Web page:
South Asian parents don’t care much for independence.
There’s no need to wipe your glasses and squint, I really did just write that. Allow me to justify my claim with a story.
When I first headed off to university in September of 2007, it was rightfully a big deal in my household. Not only was I the youngest in my family, but I was also the first to move away from home (imagine that!). I remember my parents wanted to make sure in every possible way that I was well-prepared and aware of my responsibilities before I headed off to live on my own.
They were naturally protective, yet encouraging, with much of the advice coming in the form of “eat properly” and “don’t get distracted” (as in “don’t let girls sidetrack you!”), which is standard SAP protocol as far as I’m concerned.
Of course, living alone wasn’t really a difficult transition – I was a teenager and had been longing for the freedom and independence I somehow thought living in a shared dorm room with uncomfortable cots would provide me. However, while the adjustment of changing residences was easy, the interpersonal adjustments that came as a result of the newfound independence were much more difficult to adapt to – and this is where my opening line blends in.
For a lot of South Asian parents, their kids never quite become truly independent unless they marry. This is well and good, but they have to understand that it makes that middle ground of 18-26 (or whenever) quite awkward. Until you have that ring on your finger, you are their child and they will always view you as such, no matter if you’re living at home or 2500 miles away.
Some might argue that all parents are like this, and I would disagree. I mentioned before that I was the youngest in my house (by a considerable gap) and was often treated like the youngest usually does (that is to say, viewed as being less autonomous or responsible than my older siblings for whatever reason).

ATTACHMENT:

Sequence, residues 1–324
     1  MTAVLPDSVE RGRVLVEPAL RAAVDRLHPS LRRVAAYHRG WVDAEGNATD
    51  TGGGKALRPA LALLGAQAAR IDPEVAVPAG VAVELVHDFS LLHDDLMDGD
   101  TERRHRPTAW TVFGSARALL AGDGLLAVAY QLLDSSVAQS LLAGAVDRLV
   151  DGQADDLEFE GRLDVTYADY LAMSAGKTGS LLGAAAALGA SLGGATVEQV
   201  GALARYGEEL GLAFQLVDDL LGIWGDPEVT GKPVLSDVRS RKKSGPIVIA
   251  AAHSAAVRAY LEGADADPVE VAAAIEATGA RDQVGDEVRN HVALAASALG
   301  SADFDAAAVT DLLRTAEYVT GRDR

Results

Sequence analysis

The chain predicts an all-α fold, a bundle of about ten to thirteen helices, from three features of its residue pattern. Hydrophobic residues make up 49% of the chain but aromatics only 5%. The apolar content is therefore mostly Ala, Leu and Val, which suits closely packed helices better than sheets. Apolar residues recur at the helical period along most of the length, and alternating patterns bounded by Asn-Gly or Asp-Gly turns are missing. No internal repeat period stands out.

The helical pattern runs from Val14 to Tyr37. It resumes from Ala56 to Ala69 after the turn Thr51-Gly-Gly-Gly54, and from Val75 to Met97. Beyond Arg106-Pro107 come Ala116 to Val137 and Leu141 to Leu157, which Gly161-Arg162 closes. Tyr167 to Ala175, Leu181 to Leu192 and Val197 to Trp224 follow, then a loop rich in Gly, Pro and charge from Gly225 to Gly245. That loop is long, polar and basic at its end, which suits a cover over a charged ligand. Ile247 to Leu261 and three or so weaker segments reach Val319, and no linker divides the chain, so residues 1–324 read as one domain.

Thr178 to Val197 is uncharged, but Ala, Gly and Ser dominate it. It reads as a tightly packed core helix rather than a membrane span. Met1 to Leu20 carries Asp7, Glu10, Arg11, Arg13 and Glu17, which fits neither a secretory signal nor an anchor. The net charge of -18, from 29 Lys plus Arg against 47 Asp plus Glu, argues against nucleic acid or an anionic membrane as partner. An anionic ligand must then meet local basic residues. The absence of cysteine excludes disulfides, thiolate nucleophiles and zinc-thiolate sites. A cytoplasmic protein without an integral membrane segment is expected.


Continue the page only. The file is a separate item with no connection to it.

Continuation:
I figured the moment I moved away there would be a shift in how my family perceived me. What I thought would be a ticket to increasing my “independent” status was thrown out the very moment I triumphantly came home.
Is this a bad thing? In some respects, definitely not; like I said, SAPs are a dedicated bunch. As an 18-year-old looking for more respect and trying to establish a reputation however, this is extremely frustrating.
South Asian parents tend to be a protective bunch by nature; a lot of it comes from our cultural ideals back home. These ideals, such as living with your family until marriage, or refraining from straining the traditional “close-knit-always-together” K3G-type family dynamics, worked wonderfully during my parents’ generation.
But living in a Western society where independence is not only encouraged, but expected in order to excel, I can’t help but feel holding on to these ideals unnecessarily strains parent/child relationships and hinders a teenager’s natural progression towards adulthood.
For instance, I know of two girls who had wanted to enrol in a university that would require them to live on campus. However, despite their selected program’s prominence the girls were discouraged from attending these schools by their parents, and eventually settled for a school closer to home. Why do these types of restrictions still exist internationally, especially in regards to girls?
Upon closer examination, I theorize that parents such as these are only protectively acting in the manner that has been embedded through tradition. In South Asian culture the daughter is considered almost untouchable until marriage—it has been scientifically proven this is the sole reason why there were so many fights between potential lovers and Amrish Puri in Bollywood movies from the 90s.
Betis must be chaste and pure. Sure, they can be educated, but they should live at home until marriage—this is the line of thinking that forms the basis of our traditions, and it’s easy to see why this is a cause for concern overseas. Obviously, not all parents perceive it this extremely, but it still does exist internationally, especially among recently immigrated households.
So to rephrase my statement from earlier and make it less controversial, I will say “SOME SAPs do not care much for independence”, mostly a result of tradition. Do I blame them? Of course not. But I do feel restricting your child’s own search for freedom and independence hurts more than helps the prototypical K3G-like family dynamics that most SAP (if not parents of all cultural backgrounds) strive for.
The opening line was only there to capture your interest until this point—hopefully I have raised some intriguing questions.